Final thoughts – The Reproducibility Crisis and Validation
To wrap up, let’s take a moment to reflect again on why antibody validation is really important.
In the wake of a paper released in 2012, the term ‘reproducibility crisis’ was coined. This paper found that 89% of the central findings from a selection of reputable publications were not reproducible . Another study highlighted that many antibodies lack a convincing specificity description in the literature . Other studies have drawn similar conclusions – that many antibodies aren’t validated in research, or validation data isn’t shared, and that validation is crucial for reproducibility.
It is essential, therefore, that the antibody you use in your experiment is specific, and can therefore generate reproducible results.
Ensuring this will undoubtedly save you time and money further down the line – ultimately accelerating your research progress.
If you want to hear more about antibody validation, why not check out the Antibody Validation Meeting website? We will shortly be releasing a selection of talks from the 2023 meeting.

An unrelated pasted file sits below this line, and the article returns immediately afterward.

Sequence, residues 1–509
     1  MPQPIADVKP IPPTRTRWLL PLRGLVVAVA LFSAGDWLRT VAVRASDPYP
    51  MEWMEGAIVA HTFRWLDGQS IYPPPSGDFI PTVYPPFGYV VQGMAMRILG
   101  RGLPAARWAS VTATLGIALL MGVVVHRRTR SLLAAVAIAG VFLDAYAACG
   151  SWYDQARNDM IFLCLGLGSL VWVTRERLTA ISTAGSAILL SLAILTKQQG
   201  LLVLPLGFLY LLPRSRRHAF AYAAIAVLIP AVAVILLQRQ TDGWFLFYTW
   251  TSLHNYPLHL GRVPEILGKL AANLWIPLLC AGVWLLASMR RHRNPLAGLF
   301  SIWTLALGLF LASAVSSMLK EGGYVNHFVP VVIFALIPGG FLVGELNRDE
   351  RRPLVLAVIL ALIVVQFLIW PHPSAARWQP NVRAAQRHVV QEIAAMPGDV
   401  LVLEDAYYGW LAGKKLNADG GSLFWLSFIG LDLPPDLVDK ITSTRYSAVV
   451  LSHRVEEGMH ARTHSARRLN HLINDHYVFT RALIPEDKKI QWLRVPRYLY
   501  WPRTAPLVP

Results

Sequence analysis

- Skye and the CiteAb team
- Laflamme, C., McKeever, P.M., Kumar, R., Schwartz, J., Kolahdouzan, M., Chen, C.X., You, Z., Benaliouad, F., Gileadi, O., McBride, H.M., Durcan, T.M., Edwards, A.M., Healy, L.M., Robertson, J. and McPherson, P.S. (2019). Implementation of an antibody characterization procedure and application to the major ALS/FTD disease gene C9ORF72. eLife, 8. doi:10.7554/elife.48363.
- Egelhofer, T.A., Minoda, A., Klugman, S., Lee, K., Kolasinska-Zwierz, P., Alekseyenko, A.A., Cheung, M.-S., Day, D.S., Gadel, S., Gorchakov, A.A., Gu, T., Kharchenko, P.V., Kuan, S., Latorre, I., Linder-Basso, D., Luu, Y., Ngo, Q., Perry, M., Rechtsteiner, A. and Riddle, N.C. (2011). An assessment of histone-modification antibody quality. Nature Structural & Molecular Biology, [online] 18(1), pp.91–93. doi:10.1038/nsmb.1972.